STD = STI
The information about sexually transmitted infections (STIs) on this page comes from The Medical Institute for Sexual Health (MI), which is a non-profit (501c3) medical, educational, and research organization. MI was founded to confront the global epidemics of teen pregnancy and sexually transmitted infections (STIs). We identify and evaluate scientific information on sexual health and promote healthy sexual decisions and behaviors by communicating credible scientific information. We encourage you to visit the “Sexual Health” section of their website located at www.medinstitute.org to learn more about STIs and other issues related to sexual health. You will find fact sheets for all the major STIs as well as data and research covering a range of topics.
How common are STIs?
The United States has an epidemic of sexually transmitted infections (STIs). Over 70 million Americans currently have an STI. 19 million new cases occur each year. Half of these are in people under 25.[2,3]
What causes STIs?
STIs can be caused by bacteria (eg, chlamydia, gonorrhea, syphilis), viruses (eg, HIV/AIDS, hepatitis, herpes, HPV), or parasites (trichomoniasis). Chlamydia is the most common bacterial STI. Human papillomavirus (HPV) infection is the most common viral STI.[1,2]
How do you get them?
You get STIs during sexual activity. This includes vaginal sex, oral sex[4-9] and anal sex.[9-12] A few—HPV and herpes—can even be spread by contact with infected skin. Others, such as HIV and hepatitis, can be spread through needle-sharing. You can get STIs from someone who has no symptoms.
What are the symptoms?
Most people with STIs have no symptoms. Even without symptoms, they can still pass on the infection. Some STIs cause symptoms such as an abnormal discharge from the penis or vagina, burning sensation when urinating and abdominal pain. Skin changes can also occur; these include rashes, ulcers and warts.
What are the complications?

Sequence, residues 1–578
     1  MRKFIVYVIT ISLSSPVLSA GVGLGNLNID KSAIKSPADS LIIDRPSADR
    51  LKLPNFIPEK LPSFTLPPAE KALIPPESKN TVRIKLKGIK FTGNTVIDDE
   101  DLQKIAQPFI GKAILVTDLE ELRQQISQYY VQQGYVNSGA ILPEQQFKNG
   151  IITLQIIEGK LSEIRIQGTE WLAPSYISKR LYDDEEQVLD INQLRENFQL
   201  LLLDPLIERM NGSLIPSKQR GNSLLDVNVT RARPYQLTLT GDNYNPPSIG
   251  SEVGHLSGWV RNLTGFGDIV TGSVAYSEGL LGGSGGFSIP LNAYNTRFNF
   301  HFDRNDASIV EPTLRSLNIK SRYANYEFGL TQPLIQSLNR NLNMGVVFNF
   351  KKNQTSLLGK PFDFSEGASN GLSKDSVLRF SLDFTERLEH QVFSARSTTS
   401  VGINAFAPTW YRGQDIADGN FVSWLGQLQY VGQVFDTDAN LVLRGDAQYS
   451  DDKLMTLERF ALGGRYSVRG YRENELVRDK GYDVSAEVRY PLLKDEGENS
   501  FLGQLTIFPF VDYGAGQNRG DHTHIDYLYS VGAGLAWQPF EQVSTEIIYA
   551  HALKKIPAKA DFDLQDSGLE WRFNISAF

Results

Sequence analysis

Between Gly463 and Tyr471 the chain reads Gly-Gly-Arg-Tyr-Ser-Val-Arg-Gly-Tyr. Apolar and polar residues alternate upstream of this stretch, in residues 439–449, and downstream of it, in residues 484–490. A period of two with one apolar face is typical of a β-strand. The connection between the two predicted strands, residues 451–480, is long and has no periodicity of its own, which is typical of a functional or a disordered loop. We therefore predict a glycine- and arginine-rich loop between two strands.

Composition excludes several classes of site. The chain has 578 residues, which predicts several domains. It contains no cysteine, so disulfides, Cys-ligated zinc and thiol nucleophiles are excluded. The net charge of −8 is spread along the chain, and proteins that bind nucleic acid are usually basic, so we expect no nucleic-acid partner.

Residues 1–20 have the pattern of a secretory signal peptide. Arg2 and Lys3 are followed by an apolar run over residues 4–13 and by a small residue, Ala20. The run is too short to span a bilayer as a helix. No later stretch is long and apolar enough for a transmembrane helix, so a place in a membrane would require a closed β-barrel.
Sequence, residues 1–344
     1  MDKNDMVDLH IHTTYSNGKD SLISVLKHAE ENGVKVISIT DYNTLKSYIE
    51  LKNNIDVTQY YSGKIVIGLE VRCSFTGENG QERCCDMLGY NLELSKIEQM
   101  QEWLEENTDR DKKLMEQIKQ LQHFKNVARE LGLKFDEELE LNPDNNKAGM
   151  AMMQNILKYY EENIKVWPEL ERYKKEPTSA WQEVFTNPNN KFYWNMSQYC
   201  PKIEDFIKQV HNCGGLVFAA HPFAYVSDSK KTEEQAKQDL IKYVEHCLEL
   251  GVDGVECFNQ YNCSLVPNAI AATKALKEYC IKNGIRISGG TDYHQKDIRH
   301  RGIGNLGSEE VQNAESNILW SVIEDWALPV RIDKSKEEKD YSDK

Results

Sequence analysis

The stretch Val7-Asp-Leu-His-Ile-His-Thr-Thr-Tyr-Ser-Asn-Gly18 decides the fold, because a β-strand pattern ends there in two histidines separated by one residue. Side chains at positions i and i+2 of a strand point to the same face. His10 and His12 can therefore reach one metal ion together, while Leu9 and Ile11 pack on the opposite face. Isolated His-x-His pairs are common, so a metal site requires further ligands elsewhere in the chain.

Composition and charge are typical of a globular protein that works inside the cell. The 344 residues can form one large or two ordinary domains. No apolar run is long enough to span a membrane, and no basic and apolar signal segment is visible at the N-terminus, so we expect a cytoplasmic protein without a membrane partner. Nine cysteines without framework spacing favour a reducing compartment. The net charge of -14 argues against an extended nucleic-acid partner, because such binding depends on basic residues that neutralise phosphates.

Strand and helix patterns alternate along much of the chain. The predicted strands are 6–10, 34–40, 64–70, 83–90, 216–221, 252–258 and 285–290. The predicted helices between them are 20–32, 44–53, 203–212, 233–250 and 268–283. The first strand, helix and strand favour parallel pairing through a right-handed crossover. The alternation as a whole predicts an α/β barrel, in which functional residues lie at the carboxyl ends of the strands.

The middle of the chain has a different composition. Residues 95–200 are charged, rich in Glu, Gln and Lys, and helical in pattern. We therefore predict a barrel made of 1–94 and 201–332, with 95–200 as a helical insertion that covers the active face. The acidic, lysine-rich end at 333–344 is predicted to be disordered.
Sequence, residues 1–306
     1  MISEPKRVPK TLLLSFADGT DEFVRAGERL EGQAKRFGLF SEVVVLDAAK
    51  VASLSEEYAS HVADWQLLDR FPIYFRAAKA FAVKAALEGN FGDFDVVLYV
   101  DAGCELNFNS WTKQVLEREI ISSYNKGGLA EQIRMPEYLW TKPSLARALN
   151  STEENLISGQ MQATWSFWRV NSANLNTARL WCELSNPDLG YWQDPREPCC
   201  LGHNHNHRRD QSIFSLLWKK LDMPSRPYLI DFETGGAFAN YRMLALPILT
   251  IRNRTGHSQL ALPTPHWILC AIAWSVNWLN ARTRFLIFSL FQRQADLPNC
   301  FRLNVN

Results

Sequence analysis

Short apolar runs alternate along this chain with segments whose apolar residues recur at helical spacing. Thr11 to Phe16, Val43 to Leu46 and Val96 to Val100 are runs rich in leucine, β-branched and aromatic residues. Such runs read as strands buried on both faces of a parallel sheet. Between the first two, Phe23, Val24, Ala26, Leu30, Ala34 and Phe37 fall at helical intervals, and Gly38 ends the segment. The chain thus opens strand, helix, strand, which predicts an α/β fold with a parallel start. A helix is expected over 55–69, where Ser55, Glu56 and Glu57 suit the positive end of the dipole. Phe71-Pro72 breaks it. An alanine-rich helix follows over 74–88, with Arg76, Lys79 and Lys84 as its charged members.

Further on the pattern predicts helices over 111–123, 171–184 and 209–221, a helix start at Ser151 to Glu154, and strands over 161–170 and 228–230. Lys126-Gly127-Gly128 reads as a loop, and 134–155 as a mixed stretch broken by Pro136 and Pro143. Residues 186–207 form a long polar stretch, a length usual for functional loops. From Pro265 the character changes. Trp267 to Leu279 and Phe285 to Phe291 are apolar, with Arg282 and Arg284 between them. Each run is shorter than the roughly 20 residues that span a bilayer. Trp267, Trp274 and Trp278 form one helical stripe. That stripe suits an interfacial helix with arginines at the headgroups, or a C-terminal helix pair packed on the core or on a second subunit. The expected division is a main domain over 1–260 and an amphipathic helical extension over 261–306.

In women, complications from infection include pelvic inflammatory disease (PID), tubal pregnancy, infertility and cervical cancer. In pregnant women, STIs can lead to miscarriage, stillbirths, preterm delivery and birth defects. In men, HPV infection can cause penile cancer. Some STIs, such as HIV, can be life-threatening.
How can you find out if you have one?
Because most STIs cause no symptoms, they are not detected until complications develop. If you or your partner have had more than one sex partner or have ever injected drugs, talk to your doctor about getting tested.
Can they be treated?
Most bacterial STIs can be treated and cured with antibiotics. Treatment does not guarantee that complications have not already occurred. A few viral STIs can be treated and occasionally cured. These are hepatitis C and B.[14,15] However, other viral STIs can be treated for symptoms, but not cured. These include HIV and herpes. Vaccine research on viral STIs is ongoing. Vaccination for hepatitis B is effective and widely available. An HPV vaccine has recently become available and is recommended for young women. However, this vaccine does not protect against all types of HPV that cause cancer and warts. How long it works is also unknown.[16,17]
Can they be prevented?
Yes, STIs can be prevented. Avoid all sexual activity if you are single or be faithful to one uninfected partner for life. This is the only way to avoid the risk of an infection. There are also a number of ways to reduce the risk of infection. The fewer people you have sex with, the lower your risk of getting STIs. Correct and consistent condom use can also reduce (but not eliminate) your risk of getting most STIs, including:
Few studies have been done to see whether condoms reduce the risk of STIs, including HIV, during oral sex or anal sex. Waiting to have sex until you are in a faithful, lifelong relationship (such as marriage) is the only certain way to avoid being infected sexually.